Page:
Dr. McLellan has worked to understand how viral protein structures operate. Viral protein structure and function are important for the development of vaccines and potential treatments for deadly viruses that have impacted the lives of billions of people. Dr. McLellan and his collaborators have engineered a key protein of coronaviruses for use in vaccines. His team has developed technology found in many leading vaccines against COVID-19 (Pfizer, Moderna, Johnson and Johnson, and Novavax). This discovery led to his selection as Texas Inventor of the Year by the State Bar of Texas’s Intellectual Property Section, which annually recognizes individuals and their inventions that have “significantly impacted the Texas economy.” McLellan and his colleagues also designed key proteins that form the basis of several vaccines.  These vaccines are directed against coronaviruses as well as respiratory syncytial virus, a virus especially dangerous for young children and seniors. He is the winner of multiple scientific awards, and his research and expertise have been featured in multiple media outlets.

 

2021 LaMontagne Lecture - March 23, 2021

Mary K. Estes

Our 2021 keynote speaker was Dr. Mary Estes, Distinguished Professor of Virology and Microbiology at Baylor College of Medicine in Houston, Texas. Her research group studies viruses that infect distinct types of cells (enterocytes, crypt cells, M cells) in the GI tract as probes to learn about the biology, host response and gene expression of these cells, using multidisciplinary approaches to probe the structure and molecular biology of GI viruses to understand the basic mechanisms that control virus replication, morphogenesis, virus-host interactions, and pathogenesis.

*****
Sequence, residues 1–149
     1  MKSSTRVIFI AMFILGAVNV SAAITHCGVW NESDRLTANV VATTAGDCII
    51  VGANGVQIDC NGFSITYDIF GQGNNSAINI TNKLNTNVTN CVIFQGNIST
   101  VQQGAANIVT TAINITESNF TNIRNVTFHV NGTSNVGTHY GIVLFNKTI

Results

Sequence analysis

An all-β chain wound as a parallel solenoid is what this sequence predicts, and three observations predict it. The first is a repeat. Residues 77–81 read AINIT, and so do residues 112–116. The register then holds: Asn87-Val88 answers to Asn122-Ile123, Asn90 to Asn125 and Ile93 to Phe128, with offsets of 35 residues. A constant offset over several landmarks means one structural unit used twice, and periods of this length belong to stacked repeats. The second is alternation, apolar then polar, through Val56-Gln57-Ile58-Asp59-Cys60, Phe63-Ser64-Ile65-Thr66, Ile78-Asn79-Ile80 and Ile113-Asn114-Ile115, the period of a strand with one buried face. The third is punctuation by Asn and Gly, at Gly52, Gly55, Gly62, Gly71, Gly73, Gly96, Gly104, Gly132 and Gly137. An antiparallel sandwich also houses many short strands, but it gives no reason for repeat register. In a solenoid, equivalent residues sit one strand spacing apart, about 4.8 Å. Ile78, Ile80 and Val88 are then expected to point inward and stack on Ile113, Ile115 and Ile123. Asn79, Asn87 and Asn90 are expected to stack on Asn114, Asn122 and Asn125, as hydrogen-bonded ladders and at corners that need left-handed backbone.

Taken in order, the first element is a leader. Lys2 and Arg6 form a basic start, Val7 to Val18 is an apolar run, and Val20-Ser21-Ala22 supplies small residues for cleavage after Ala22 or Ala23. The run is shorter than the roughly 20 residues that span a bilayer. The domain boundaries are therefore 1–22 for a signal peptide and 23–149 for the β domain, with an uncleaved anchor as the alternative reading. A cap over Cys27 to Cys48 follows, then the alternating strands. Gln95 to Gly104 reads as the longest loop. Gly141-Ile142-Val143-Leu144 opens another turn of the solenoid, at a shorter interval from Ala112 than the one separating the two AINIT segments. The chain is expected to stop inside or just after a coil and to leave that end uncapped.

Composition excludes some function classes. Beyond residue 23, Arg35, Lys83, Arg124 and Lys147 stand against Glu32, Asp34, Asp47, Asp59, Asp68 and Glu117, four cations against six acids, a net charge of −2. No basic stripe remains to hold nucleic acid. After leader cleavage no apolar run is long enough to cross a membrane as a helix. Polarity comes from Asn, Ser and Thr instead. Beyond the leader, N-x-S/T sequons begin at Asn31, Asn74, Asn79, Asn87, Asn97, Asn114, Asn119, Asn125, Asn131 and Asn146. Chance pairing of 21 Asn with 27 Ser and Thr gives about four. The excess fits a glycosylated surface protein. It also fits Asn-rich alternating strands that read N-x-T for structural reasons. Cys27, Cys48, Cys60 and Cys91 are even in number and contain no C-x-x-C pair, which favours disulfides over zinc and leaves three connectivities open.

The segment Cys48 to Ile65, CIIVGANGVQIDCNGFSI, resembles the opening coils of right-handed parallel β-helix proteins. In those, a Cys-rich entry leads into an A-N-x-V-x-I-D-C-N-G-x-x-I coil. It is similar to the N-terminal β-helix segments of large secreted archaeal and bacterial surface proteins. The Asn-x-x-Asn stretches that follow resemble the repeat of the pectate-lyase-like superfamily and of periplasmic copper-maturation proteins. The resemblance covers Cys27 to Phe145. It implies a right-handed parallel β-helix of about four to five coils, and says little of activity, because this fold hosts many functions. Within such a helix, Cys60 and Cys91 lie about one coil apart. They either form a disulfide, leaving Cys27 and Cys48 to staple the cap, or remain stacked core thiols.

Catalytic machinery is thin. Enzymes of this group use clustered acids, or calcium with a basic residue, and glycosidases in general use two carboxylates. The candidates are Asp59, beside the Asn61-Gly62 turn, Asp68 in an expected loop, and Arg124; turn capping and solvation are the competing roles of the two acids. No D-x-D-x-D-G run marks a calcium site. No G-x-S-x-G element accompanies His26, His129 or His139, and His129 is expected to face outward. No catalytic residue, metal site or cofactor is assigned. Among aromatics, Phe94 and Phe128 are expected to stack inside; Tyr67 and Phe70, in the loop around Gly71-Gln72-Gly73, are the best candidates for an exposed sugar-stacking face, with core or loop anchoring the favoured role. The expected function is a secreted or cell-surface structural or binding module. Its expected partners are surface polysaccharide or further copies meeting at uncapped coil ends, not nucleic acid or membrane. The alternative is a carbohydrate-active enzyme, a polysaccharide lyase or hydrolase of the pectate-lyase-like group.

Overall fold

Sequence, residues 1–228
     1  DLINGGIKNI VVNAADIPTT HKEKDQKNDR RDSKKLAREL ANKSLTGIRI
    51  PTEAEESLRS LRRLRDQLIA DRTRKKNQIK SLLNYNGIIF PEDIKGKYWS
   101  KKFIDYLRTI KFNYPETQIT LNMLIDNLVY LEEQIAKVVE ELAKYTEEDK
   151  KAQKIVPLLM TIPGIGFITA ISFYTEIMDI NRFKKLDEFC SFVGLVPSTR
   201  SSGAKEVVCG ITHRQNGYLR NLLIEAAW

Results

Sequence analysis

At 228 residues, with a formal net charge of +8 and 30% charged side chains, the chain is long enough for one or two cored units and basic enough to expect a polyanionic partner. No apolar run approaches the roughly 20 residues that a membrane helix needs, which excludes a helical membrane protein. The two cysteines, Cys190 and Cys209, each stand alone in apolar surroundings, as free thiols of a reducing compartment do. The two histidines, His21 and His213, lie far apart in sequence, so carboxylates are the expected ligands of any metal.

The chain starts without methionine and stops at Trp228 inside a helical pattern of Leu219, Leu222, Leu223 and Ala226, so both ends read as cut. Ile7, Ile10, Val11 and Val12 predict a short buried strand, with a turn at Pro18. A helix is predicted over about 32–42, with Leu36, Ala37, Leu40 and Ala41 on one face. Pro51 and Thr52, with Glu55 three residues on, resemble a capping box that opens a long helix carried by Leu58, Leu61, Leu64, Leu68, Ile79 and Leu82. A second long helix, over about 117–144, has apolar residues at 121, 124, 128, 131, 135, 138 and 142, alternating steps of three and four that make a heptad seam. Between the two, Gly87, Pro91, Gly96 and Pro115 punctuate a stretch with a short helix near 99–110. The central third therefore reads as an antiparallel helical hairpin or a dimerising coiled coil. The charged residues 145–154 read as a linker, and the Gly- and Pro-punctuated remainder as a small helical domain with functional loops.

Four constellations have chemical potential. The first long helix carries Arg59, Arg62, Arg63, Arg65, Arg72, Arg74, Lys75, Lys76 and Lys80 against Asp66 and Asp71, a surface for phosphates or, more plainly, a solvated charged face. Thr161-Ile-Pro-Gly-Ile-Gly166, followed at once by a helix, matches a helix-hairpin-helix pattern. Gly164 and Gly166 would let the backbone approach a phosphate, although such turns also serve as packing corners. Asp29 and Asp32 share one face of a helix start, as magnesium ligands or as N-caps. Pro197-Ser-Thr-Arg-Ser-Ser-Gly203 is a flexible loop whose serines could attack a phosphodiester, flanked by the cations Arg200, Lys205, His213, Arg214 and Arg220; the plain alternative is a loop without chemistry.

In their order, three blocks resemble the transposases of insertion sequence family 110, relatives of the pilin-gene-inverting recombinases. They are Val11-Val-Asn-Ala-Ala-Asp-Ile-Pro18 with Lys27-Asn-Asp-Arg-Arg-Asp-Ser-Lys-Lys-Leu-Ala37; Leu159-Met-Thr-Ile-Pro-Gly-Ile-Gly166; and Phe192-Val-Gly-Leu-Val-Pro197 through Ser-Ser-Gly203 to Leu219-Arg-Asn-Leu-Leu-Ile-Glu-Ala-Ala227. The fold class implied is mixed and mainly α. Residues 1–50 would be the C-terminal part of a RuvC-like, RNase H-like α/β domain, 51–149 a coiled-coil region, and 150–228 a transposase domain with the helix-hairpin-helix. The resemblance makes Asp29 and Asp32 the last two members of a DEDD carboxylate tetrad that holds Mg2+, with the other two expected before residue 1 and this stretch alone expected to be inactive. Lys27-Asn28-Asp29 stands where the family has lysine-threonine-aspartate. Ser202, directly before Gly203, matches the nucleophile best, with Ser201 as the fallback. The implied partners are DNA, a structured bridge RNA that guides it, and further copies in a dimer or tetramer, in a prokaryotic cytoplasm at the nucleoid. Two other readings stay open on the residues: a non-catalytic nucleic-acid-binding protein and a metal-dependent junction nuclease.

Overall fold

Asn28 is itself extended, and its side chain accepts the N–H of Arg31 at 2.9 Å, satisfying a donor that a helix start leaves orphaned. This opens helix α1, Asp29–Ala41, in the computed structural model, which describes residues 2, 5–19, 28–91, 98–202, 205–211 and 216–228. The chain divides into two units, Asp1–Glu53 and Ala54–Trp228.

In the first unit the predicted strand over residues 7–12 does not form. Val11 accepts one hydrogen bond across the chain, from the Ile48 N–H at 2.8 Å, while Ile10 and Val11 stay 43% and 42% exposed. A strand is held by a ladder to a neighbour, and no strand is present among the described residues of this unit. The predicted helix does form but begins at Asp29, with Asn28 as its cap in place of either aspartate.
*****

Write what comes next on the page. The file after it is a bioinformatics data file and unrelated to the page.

LCID Researchers in the News

Harold Varmus, Jaquelin Dudley, Wendy Kaichun Xu

Three Generations of Retrovirologists

May 5, 2022

LCID Assistant Director Dr. Jaquelin Dudley is shown with her mentor, Dr. Harold Varmus, and her mentee, Dr. Wendy Kaichun Xu, at the recent Fifty Years of Reverse Transcriptase conference at Cold Spring Harbor Laboratory held April 20-23, 2022. Dr. Dudley and Dr. Varmus both spoke at the Symposium.

Dr. Varmus is a former Director of the National Institutes of Health. He has many accolades and is currently the Lewis Thomas University Professor of Medicine at 

Read more about Three Generations of Retrovirologists

Fast Lab Discovers an Effective Small-Molecule Allosteric Inhibitor of New Delhi Metallo-β-lactamase (NDM)

April 1, 2022
A new publication from the Fast lab features the discovery of an allosteric inhibitor of New Deli metallo-beta-lactamase for treating CRE through the use of high-throughput screening. For more on this discovery, go to https://pubs.acs.org/doi/10.1021/acsinfecdis.1c00577. Read more about Fast Lab Discovers an Effective Small-Molecule Allosteric Inhibitor of New Delhi Metallo-β-lactamase (NDM)
Coronavirus

NPR and The Atlantic Discuss Omicron Variant Projections with Dr. Lauren Ancel Meyers

December 18, 2021

NPR and The Atlantic magazine recently interviewed Dr. Lauren Ancel Meyers, LCID Affiliate Member and Director of the UT COVID-19 Modeling Consortium, regarding possible outcomes of the Omicron COVID-19 variant in the United States. Dr. Meyers specifically discussed with both media outlets the

Read more about NPR and The Atlantic Discuss Omicron Variant Projections with Dr. Lauren Ancel Meyers
LCID Researchers in the News

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LaMontagne Center for Infectious Disease
University of Texas at Austin
2506 Speedway, A5000
Austin, TX 78712

Phone: (512) 471-1266